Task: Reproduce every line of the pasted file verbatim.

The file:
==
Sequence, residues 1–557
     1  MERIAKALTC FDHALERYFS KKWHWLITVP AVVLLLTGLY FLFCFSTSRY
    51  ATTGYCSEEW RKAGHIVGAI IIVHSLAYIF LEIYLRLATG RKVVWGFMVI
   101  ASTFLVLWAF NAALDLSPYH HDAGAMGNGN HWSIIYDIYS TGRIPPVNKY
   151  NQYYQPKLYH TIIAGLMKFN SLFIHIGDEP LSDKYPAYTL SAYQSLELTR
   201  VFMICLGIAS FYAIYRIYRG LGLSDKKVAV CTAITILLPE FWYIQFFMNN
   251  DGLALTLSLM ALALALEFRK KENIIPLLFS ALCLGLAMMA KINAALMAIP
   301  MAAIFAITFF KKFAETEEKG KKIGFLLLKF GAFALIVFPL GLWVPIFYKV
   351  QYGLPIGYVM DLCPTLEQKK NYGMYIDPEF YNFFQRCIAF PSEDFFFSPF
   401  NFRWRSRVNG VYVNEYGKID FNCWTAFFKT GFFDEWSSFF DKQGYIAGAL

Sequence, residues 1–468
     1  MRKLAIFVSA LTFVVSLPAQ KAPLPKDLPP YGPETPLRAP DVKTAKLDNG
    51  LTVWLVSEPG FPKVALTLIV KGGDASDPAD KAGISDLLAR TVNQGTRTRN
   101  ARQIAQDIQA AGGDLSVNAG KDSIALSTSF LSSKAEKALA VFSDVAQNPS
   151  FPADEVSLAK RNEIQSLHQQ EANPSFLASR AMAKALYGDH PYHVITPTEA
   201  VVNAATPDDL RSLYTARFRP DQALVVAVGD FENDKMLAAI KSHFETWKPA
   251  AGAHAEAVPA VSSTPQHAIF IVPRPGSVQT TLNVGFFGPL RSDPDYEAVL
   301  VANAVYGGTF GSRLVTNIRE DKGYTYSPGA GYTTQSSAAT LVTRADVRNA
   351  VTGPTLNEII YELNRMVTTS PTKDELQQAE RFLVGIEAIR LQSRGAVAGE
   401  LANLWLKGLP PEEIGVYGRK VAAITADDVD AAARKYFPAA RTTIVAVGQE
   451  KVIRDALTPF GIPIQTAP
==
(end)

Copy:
Sequence, residues 1–557
     1  MERIAKALTC FDHALERYFS KKWHWLITVP AVVLLLTGLY FLFCFSTSRY
    51  ATTGYCSEEW RKAGHIVGAI IIVHSLAYIF LEIYLRLATG RKVVWGFMVI
   101  ASTFLVLWAF NAALDLSPYH HDAGAMGNGN HWSIIYDIYS TGRIPPVNKY
   151  NQYYQPKLYH TIIAGLMKFN SLFIHIGDEP LSDKYPAYTL SAYQSLELTR
   201  VFMICLGIAS FYAIYRIYRG LGLSDKKVAV CTAITILLPE FWYIQFFMNN
   251  DGLALTLSLM ALALALEFRK KENIIPLLFS ALCLGLAMMA KINAALMAIP
   301  MAAIFAITFF KKFAETEEKG KKIGFLLLKF GAFALIVFPL GLWVPIFYKV
   351  QYGLPIGYVM DLCPTLEQKK NYGMYIDPEF YNFFQRCIAF PSEDFFFSPF
   401  NFRWRSRVNG VYVNEYGKID FNCWTAFFKT GFFDEWSSFF DKQGYIAGAL

Sequence, residues 1–468
     1  MRKLAIFVSA LTFVVSLPAQ KAPLPKDLPP YGPETPLRAP DVKTAKLDNG
    51  LTVWLVSEPG FPKVALTLIV KGGDASDPAD KAGISDLLAR TVNQGTRTRN
   101  ARQIAQDIQA AGGDLSVNAG KDSIALSTSF LSSKAEKALA VFSDVAQNPS
   151  FPADEVSLAK RNEIQSLHQQ EANPSFLASR AMAKALYGDH PYHVITPTEA
   201  VVNAATPDDL RSLYTARFRP DQALVVAVGD FENDKMLAAI KSHFETWKPA
   251  AGAHAEAVPA VSSTPQHAIF IVPRPGSVQT TLNVGFFGPL RSDPDYEAVL
   301  VANAVYGGTF GSRLVTNIRE DKGYTYSPGA GYTTQSSAAT LVTRADVRNA
   351  VTGPTLNEII YELNRMVTTS PTKDELQQAE RFLVGIEAIR LQSRGAVAGE
   401  LANLWLKGLP PEEIGVYGRK VAAITADDVD AAARKYFPAA RTTIVAVGQE
   451  KVIRDALTPF GIPIQTAP